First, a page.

Robin Franklin Guha: We've become data-driven, surfacing data in our internal tools. For example, if you request permission to a tool, we now surface threat intelligence and describe a raw risk level. Making security data sets accessible and queryable by folks outside of security has been effective in helping them understand their service's security.

Tom Eston: Nice. What about you, Matt?

Matt Keeley: We've shifted left, running security scans in pre-commit hooks before code is pushed to a repository. We run security scans, static analysis, and prevent secrets from being put into code. It's about getting feedback loops early in the lifecycle to prevent issues before they become big problems.

Tom Eston: Great insights. AI is a big theme at RSA this year. How do you see AI changing how developers work and application security?

Matt Johansen: I don't think we've seen the peak of AI's impact yet. There are tools like co-pilots helping developers, but we haven't seen AI in major breaches yet. I'm more worried about developers blindly trusting AI-generated code, as it can introduce vulnerabilities. We're keeping an eye on AI's potential, especially if it lowers the skill bar for attackers.

Robin Franklin Guha: With a background in machine learning, I've deployed models for security use cases like vulnerability triage and detection. Traditional machine learning is very useful in scaling security programs. Issues with large language models like hallucinations are a concern, but as data quality improves, so will the models.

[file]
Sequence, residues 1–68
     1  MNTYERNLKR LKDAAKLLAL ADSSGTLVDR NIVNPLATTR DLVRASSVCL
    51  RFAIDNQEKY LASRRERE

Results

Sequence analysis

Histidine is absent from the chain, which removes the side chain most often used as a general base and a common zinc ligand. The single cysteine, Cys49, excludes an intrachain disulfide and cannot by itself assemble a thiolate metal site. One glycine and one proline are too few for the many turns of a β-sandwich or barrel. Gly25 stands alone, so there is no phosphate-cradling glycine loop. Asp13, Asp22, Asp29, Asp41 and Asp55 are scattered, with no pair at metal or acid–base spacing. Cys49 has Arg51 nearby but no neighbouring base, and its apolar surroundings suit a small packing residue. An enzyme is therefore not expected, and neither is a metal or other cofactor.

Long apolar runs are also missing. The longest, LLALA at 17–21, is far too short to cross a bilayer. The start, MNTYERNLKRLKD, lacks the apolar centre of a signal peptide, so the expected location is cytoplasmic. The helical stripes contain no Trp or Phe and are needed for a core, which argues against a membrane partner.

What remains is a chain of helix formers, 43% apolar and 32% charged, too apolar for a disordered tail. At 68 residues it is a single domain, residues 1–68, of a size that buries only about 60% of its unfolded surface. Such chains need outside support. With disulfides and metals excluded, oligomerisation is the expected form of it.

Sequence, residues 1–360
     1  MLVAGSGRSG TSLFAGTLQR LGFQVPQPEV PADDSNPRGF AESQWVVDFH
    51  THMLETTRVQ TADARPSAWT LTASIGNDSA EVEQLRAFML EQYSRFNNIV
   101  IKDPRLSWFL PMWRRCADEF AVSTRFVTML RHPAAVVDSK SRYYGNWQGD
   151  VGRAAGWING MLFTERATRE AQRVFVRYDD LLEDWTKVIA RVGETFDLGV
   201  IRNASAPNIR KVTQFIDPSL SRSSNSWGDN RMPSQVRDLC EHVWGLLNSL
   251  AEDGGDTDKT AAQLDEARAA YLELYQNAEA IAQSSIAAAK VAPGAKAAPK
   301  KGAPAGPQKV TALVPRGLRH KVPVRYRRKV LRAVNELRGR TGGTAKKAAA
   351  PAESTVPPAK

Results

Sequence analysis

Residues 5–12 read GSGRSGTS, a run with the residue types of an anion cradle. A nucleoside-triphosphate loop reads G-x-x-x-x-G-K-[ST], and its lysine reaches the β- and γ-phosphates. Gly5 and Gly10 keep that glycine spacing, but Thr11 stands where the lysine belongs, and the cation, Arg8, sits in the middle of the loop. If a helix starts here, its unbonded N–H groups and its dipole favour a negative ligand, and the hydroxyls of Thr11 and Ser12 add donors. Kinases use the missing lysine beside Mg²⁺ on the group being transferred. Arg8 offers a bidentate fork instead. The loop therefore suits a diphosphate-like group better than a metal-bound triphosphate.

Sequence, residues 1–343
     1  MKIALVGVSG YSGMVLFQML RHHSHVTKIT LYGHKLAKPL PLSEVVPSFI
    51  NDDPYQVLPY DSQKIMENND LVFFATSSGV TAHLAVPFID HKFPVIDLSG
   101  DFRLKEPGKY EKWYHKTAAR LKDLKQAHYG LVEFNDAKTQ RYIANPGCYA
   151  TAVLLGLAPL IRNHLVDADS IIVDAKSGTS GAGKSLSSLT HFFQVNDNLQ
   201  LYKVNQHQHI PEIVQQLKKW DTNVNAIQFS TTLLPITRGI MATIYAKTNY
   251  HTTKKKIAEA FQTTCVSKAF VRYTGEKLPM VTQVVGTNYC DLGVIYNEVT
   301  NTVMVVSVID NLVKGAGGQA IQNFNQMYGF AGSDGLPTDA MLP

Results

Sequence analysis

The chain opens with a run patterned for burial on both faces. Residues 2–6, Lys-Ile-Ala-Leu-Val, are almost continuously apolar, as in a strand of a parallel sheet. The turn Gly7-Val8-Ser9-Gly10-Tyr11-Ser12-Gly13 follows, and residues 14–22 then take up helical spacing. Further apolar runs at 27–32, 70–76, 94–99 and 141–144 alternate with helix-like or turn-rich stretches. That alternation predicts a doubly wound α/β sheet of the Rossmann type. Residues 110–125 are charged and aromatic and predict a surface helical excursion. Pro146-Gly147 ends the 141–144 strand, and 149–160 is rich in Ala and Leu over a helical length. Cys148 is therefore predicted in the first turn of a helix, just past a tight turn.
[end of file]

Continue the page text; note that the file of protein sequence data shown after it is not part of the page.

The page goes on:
Matt Keeley: We're using AI to analyze data-intensive tasks like detecting bots and fraud. AI has significantly reduced our fraud percentage and helped us understand and mitigate bot traffic. It's been beneficial for our organization.

Tom Eston: Bots are a challenge across social media and ticketing. How are you dealing with bots from an AppSec perspective?

Matt Johansen: At Reddit, it's such a big problem that we have a dedicated platform safety and trust team handling it. We try to drive impactful business logic to authenticated accounts to mitigate bot traffic.

Robin Franklin Guha: We have a dedicated team focused on bot detection and anti-scraping, using AI to detect bots effectively.

Tom Eston: Last question—what's your best advice for other AppSec teams facing similar struggles?

Matt Johansen: Understand code and be able to code a bit. The age of security analysts running tools to find vulnerabilities is slowing down. It's more impactful to have engineers who can speak the developers' language and build custom tools for security.

Robin Franklin Guha: Invest in your data and logs, including configuration data. This allows you to take a broad view of your technology and prioritize engagements based on trends.

Matt Keeley: Fill the gap and work closely with developers. Implement security at scale without causing blockers, and be realistic about what your team can achieve.

Tom Eston: Great advice. Where can people find you online? Start with you, Matt.

Matt Johansen: I'm Matt J on Twitter, and I run a newsletter called Vulnerable You.

Robin Franklin Guha: Find me on LinkedIn under Robin Franklin. I've got upcoming conference talks in vulnerability management and threat detection.

Matt Keeley: I'm Matthew Keeley on GitHub, LinkedIn, Twitter, and TikTok. You can send me memes.

Tom Eston: Thanks for being on the panel. Enjoy the rest of the conference. Stay tuned for more from the Bishop Fox live stream at the RSA conference in San Francisco.

Tom Eston

About the author, Tom Eston

VP of Consulting and Cosmos at Bishop Fox

Tom Eston is the VP of Consulting and Cosmos at Bishop Fox. Tom's work over his 15 years in cybersecurity has focused on application, network, and red team penetration testing as well as security and privacy advocacy. He has led multiple projects in the cybersecurity community, improved industry standard testing methodologies and is an experienced manager and leader. He is also the founder and co-host of the podcast The Shared Security Show; and a frequent speaker at user groups and international cybersecurity conferences including Black Hat, DEF CON, DerbyCon, SANS, InfoSec World, OWASP AppSec, and ShmooCon.